What does nostalgia mean for perfume? The vintage perfume I love doesn’t smell like it did when it was made. Top notes aren't as sharp, and sometimes a certain “pruniness” has crept in. Like yellowed letters and recordings full of snaps and hisses, an old perfume can be hard to appreciate simply as a fragrance. Instead, it is changed by time and weighted with the aura of another age. I still cherish vintage perfume for its unfashionable composition and beautiful materials, but it’s not the same as opening a box of, say, Christian Dior Diorama in 1951 and inhaling its lively splendor then. Smell as I might, I’ll never know exactly what those fragrances meant in their time.
Sonoma Scent Studio Nostalgie attempts to recapture the beauty of a vintage fragrance. But Nostalgie is brighter and fresher than the bottles vintage perfume I’ve smelled. It also speaks to modern perfume lovers by being a little softer and less “growly” than many old bombshell fragrances. Maybe this is what it would have been like to crack open a perfume bottle fifty years ago.
Laurie Erickson created Nostalgie and released it in January of this year. Nostalgie has notes of aldehydes, Indian jasmine sambac absolute, Bulgarian rose absolute, mimosa absolute, peach, violet flower, violet leaf absolute, tonka, French beeswax absolute, natural oakmoss absolute, aged patchouli, Mysore sandalwood, leather, vanilla, orris, myrrh, vetiver and musk. It’s a grand perfume, trilling with classical notes, but full of a certain full-bodied lustiness, too.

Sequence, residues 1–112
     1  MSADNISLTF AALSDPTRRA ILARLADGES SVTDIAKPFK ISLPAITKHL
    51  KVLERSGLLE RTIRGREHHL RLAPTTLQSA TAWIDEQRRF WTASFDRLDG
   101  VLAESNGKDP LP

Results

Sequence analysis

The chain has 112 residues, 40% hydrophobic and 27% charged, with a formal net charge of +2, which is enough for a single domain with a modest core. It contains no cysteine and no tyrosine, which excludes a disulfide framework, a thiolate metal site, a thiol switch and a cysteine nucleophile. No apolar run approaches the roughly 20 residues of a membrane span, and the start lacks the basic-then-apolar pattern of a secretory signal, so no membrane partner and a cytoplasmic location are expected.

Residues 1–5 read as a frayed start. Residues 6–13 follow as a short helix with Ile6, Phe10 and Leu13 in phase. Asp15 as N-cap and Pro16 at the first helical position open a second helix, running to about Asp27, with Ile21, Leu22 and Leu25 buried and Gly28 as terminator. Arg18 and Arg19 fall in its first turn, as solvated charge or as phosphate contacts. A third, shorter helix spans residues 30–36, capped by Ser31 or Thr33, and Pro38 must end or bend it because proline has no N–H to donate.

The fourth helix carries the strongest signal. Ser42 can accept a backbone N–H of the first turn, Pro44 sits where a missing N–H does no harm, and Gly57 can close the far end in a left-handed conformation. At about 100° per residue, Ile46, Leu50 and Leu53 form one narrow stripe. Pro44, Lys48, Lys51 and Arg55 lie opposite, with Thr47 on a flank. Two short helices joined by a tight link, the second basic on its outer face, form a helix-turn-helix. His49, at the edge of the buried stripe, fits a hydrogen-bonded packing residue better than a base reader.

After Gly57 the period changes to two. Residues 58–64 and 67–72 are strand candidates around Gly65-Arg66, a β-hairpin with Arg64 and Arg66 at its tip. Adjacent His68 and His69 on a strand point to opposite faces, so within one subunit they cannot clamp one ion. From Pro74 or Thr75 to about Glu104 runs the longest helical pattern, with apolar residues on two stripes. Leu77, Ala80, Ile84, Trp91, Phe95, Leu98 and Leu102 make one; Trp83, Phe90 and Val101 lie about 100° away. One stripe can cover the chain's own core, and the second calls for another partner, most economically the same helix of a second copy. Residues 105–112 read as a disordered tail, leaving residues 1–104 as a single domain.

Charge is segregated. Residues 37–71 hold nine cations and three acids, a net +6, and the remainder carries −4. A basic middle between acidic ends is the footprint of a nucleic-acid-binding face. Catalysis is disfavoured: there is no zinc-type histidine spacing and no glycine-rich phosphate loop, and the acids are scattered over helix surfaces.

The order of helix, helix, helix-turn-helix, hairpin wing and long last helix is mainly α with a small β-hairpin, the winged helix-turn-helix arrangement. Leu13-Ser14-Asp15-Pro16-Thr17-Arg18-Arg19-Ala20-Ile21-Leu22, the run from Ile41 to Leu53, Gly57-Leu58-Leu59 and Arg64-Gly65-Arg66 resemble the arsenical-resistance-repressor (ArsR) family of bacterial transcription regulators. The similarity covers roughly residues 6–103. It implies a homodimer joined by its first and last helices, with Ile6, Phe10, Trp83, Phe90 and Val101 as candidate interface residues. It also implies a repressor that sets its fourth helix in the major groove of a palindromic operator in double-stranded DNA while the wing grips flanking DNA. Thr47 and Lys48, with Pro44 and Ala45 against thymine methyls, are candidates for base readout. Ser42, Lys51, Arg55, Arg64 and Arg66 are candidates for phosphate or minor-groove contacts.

Nostalgie opens with a Champagne tingle soft enough to let your nose take in the fragrance’s rose and jasmine underpinnings at the same time. This timeless combination is dirtied a bit with mimosa, earthy violet leaf, and an airy musk.
Instead of staying in the “ladies who lunch” crisp floral aldehyde category, Nostalgie morphs darker, warmer, and more animalic. The violet leaf and patchouli hint at Jean Patou 1000’s sophistication, but the jasmine and rose keep Nostalgie from feeling as world-weary as 1000 sometimes can. As the fragrance wears, a touch of cola pops in. Nostalgie sits at the nexus of the pretty, crisp aldehydic floral, the cigarette smoke-laden chypre, and the warm, sexy oriental. Somehow it all comes out as elegant.
When I first dabbed on Nostalgie, I had a nagging feeling I’d smelled something very like it before. On day two of wearing Nostalgie, it came to me: Guerlain Vega. I sprayed Vega on my forearm and dabbed Nostalgie on my wrist. Bingo! Vega is more sharply aldehydic and has a definite cold cream ylang ylang note while Nostalgie plays a little more heavily on rose and jasmine, but otherwise they’re sisters. I immediately pulled my Vega decant and set in on my dresser. Now I can use up those last three milliliters with confidence, because as soon as they run out I’m ordering some Nostalgie.
Sonoma Scent Studio Nostalgie comes in 5 ml travel spray ($21), 17 ml ($54), and 32 ml ($105). For information on where to buy Nostalgie, see Sonoma Scent Studio under Perfume Houses.